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How to Use the find Command in Linux

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The Linux find command is great at searching for files and directories. But you can also pass the results of the search to other programs for further processing. We show you how.

The Linux find Command

The Linux find command is powerful and flexible. It can search for files and directories using a whole raft of different criteria, not just filenames. For example, it can search for empty files, executable files, or files owned by a particular user. It can find and list files by their accessed or modified times, you can use regex patterns, it is recursive by default, and it works with pseudo-files like named pipes (FIFO buffers).

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All of that is fantastically useful. The humble find command really packs some power. But there’s a way to leverage that power and take things to another level. If we can take the output of the find command and use it automatically as the input of other commands, we can make something happen to the files and directories that find uncovers for us.

The principle of piping the output of one command into another command is a core characteristic of Unix-derived operating systems. The design principle of making a program do one thing and do it well, and to expect that its output could be the input of another program—even an as yet unwritten program—is often described as the “Unix philosophy.” And yet some core utilities, like mkdir, don’t accept piped input.

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To address this shortcoming the xargs command can be used to parcel up piped input and to feed it into other commands as though they were command-line parameters to that command. This achieves almost the same thing as straightforward piping. That’s “almost the same” thing, and not “exactly the same” thing because there can be unexpected differences with shell expansions and file name globbing.

Using find With xargs

We can use find with xargs to some action performed on the files that are found. This is a long-winded way to go about it, but we could feed the files found by find into xargs , which then pipes them into tar to create an archive file of those files. We’ll run this command in a directory that has many help system PAGE files in it.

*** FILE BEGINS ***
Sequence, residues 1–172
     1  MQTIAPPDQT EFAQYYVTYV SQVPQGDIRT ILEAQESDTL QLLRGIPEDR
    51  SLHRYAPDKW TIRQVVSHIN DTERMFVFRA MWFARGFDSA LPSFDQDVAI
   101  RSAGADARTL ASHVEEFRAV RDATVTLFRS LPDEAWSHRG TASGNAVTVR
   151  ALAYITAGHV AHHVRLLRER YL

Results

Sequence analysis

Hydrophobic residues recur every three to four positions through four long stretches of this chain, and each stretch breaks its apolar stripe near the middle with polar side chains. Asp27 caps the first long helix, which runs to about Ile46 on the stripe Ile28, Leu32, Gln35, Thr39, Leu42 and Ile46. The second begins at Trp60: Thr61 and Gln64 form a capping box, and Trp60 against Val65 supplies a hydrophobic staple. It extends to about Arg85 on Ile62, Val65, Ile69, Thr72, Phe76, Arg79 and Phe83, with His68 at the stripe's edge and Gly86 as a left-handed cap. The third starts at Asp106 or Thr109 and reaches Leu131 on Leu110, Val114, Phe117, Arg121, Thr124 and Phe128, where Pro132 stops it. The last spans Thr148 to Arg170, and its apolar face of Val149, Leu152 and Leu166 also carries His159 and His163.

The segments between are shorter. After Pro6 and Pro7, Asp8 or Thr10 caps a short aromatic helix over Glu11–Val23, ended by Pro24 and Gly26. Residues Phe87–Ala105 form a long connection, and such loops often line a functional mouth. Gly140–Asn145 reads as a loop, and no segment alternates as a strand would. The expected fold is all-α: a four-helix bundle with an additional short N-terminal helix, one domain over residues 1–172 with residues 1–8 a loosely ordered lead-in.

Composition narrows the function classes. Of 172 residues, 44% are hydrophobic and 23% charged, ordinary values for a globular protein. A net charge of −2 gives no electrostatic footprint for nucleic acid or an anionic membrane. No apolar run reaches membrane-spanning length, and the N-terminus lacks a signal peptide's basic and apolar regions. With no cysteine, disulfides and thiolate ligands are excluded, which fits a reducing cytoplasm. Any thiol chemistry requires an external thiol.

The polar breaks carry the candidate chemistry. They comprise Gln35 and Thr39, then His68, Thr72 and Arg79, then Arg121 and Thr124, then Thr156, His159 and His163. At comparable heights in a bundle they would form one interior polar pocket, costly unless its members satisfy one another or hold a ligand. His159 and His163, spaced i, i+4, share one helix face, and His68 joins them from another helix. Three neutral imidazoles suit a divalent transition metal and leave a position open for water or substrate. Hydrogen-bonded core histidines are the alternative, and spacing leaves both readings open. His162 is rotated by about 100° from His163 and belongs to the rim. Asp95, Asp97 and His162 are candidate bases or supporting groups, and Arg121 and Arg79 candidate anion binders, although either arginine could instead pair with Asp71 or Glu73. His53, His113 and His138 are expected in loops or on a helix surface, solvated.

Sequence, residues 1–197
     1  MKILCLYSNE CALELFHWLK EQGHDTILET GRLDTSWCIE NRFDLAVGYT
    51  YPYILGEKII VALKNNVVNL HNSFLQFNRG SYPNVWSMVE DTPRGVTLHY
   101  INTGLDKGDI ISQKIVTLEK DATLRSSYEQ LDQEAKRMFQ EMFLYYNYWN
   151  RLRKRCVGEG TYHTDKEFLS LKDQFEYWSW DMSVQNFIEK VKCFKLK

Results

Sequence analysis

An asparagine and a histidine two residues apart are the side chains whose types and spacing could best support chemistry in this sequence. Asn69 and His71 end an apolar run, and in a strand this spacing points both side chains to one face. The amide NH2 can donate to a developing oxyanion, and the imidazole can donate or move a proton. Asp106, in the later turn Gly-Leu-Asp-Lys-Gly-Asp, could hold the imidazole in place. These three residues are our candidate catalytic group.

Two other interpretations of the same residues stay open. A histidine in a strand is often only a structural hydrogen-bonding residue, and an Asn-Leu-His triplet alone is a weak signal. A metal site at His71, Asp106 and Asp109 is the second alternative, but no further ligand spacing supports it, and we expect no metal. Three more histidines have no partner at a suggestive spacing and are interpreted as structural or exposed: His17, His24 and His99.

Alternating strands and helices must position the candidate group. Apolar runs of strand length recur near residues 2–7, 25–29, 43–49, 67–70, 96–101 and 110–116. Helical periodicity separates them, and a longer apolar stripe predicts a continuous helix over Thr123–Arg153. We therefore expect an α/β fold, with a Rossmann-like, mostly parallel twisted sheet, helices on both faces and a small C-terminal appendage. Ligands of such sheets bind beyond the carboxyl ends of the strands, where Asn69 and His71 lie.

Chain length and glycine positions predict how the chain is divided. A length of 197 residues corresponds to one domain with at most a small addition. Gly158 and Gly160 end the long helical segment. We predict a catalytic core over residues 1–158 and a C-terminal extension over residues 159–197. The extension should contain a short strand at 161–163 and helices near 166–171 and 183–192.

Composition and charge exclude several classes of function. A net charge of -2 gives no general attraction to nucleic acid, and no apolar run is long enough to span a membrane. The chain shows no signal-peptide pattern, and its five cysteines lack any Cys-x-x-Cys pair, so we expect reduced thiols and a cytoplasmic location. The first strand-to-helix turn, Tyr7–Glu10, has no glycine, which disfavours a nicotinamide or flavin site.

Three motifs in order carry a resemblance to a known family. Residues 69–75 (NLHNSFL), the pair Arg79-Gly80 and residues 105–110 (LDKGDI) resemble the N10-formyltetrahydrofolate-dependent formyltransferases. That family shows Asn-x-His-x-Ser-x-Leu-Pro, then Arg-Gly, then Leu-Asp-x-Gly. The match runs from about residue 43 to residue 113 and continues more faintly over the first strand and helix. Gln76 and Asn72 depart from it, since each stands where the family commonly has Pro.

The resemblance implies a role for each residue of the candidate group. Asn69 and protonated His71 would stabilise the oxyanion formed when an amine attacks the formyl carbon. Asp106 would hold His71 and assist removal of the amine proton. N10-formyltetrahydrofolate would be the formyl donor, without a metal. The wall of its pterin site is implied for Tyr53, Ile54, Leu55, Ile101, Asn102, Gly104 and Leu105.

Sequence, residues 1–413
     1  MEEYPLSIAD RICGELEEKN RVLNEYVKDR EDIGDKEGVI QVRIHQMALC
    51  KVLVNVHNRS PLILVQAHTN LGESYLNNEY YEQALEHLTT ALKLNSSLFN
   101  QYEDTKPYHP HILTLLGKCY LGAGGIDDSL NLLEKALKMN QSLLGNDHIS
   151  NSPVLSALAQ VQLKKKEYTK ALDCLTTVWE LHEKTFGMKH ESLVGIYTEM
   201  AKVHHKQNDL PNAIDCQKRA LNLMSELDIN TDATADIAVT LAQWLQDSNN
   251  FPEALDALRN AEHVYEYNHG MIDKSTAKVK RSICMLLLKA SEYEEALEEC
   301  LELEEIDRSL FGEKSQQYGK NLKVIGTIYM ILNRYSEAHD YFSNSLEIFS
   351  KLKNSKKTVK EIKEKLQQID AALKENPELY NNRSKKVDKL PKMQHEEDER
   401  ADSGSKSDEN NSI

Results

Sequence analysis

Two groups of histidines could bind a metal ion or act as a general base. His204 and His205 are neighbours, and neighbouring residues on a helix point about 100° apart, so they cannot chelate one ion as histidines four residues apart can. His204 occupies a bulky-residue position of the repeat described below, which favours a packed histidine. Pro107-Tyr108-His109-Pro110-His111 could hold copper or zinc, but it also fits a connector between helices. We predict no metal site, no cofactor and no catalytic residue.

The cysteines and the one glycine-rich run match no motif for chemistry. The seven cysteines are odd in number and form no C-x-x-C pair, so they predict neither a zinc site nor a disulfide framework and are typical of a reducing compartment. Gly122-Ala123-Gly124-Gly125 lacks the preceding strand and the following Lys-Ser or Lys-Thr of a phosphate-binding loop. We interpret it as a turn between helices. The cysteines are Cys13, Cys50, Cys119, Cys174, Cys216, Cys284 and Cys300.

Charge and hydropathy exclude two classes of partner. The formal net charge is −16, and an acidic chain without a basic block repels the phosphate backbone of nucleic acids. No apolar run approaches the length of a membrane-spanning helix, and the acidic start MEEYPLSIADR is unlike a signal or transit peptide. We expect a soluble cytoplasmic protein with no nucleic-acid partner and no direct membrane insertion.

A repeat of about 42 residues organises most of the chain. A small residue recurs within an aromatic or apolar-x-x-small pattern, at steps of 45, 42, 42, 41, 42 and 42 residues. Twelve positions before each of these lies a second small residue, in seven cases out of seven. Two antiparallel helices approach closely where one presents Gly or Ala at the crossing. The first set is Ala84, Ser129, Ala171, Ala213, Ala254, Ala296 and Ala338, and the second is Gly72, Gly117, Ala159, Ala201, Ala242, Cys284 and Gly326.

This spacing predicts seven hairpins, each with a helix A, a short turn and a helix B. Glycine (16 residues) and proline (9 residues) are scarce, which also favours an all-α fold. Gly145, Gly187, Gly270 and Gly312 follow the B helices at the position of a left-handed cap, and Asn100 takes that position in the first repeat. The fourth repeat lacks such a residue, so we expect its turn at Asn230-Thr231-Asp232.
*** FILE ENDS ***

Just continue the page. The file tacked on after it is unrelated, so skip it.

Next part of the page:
find ./ -name "*.page" -type f -print0 | xargs -0 tar -cvzf page_files.tar.gz

Piping the output from find through xargs and into tar

The command is made up of different elements.

  • find ./ -name “*.page” -type f -print0:  The find action will start in the current directory, searching by name for files that match the “*.page” search string. Directories will not be listed because we’re specifically telling it to look for files only, with -type f. The print0 argument tells find to not treat whitespace as the end of a filename. This means that that filenames with spaces in them will be processed correctly.
  • xargs -o: The -0 arguments xargs to not treat whitespace as the end of a filename.
  • tar -cvzf page_files.tar.gz: This is the command xargs is going to feed the file list from find to. The tar utility will create an archive file called “page_files.tar.gz.”

We can use ls to see the archive file that is created for us.

ls *.gz

The archive file created by piping the output of find through xargs and into tar

The archive file is created for us. For this to work, all of the filenames need to be passed to tar en masse, which is what happened. All of the filenames were tagged onto the end of the tar command as a very long command line.

You can choose to have the final command run on all the file names at once or invoked once per filename. We can see the difference quite easily by piping the output from xargs to the line and character counting utility wc.

This command pipes all the filenames into wc at once. Effectively, xargs constructs a long command line for wc with each of the filenames in it.

find . -name "*.page" -type f -print0 | xargs -0 wc

Piping multiple filenames to wc at once

The lines, words, and characters for each file are printed, together with a total for all files.

Word count statistics for many files, with a total for all files

If we use xarg‘s  -I (replace string) option and define a replacement string token—in this case ” {}“—the token is replaced in the final command by each filename in turn. This means wc is called repeatedly, once for each file.

find . -name "*.page" -type f -print0 | xargs -0 -I "{}" wc "{}"

Using a replace string to send filenames to a wc one at a time

The output isn’t nicely lined up. Each invocation of wc operates on a single file so wc has nothing to line the output up with. Each line of output is an independent line of text.

Output from multiple invocations of wc

Because wc can only provide a total when it operates on multiple files at once, we don’t get the summary statistics.

The find -exec Option